It seems to me that you’ve just been very unfortunate to have ended up with the same valuer twice, especially if you have a history with him. As much as I don’t want to say it, I would probably agree with your solicitor and with RICS in that it’s going to be very difficult to prove that his valuation is wrong to a degree where action should be taken, especially if the property is so unique that one persons opinion on what it is worth can vary so drastically from another persons.

      I suppose what it does show is that surveyors do hold a lot more power than people might realise and although the suggestions made in this post might not work in every instance, I think it’s worth doing anything possible to put a valuer in a good mood or get him to like you so that they will hopefully be more inclined to give you the valuation you need. I don’t think that all valuers would act in a dishonest or questionable manner but sadly people like this do exist in most walks of life.

      I really hope that someone can chip in with some legal advice that might help you as I really can’t advise in that area.

      • Gill Duffield says:

        Thanks for that Adam. We seem to be in a no win situation. I have recently read that some building societies actually instruct their surveyors to undervalue property to protect their interests. Although this isn’t illegal it is certainly unethical and dishonest. I still find it hard to believe that they can get away with it.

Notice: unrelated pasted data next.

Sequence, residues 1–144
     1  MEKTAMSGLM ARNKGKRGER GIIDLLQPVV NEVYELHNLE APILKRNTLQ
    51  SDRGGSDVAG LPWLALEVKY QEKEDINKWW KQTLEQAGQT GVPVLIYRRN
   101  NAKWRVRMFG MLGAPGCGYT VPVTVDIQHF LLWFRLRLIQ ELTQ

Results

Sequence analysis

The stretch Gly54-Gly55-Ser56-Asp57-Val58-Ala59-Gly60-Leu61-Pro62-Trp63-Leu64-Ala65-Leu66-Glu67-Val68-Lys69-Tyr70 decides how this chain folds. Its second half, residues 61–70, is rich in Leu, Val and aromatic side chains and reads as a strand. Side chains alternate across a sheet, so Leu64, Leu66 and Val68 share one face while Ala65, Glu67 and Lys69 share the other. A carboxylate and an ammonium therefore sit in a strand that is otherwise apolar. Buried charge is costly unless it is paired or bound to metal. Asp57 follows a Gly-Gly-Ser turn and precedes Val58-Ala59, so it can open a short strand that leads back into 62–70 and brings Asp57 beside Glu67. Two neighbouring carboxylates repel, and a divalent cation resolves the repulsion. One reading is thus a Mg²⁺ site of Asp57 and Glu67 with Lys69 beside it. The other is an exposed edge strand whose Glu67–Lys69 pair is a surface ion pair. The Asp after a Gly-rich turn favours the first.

• Adam Buller says:

          I haven’t read that myself Gill but that’s not to say that I don’t think it’s possible. In much the same way that a loss adjuster must in some way be concerned with keeping the insurance companies who pay them happy, there must also be an element of that with surveyors too. (Though it does sound like a little more was involved in your case)

          Have you tried the the Financial Ombudsman Service? They may not be able to overturn the original valuation but if the lender who instructed the valuation is refusing to get a second opinion or consider a valuation which you have had done privately, then perhaps the FOS could become involved as you would then be making a complaint against a financial institution. Don’t hold me to that but it may be a possibility. Perhaps you could bring up your history with that particular surveyor within your complaint and suggest that you feel this history has negatively influenced his valuation. If the FOS does turn out to be an option then you would need to start with a written complaint to the buyers lender, or your buyer would need to complain (which I guess is unlikely if they are now paying less). Do have a chat with the FOS first though to ensure that any potential complaint wouldn’t in some way hinder the sale or cause problems for your buyers. Just a suggestion.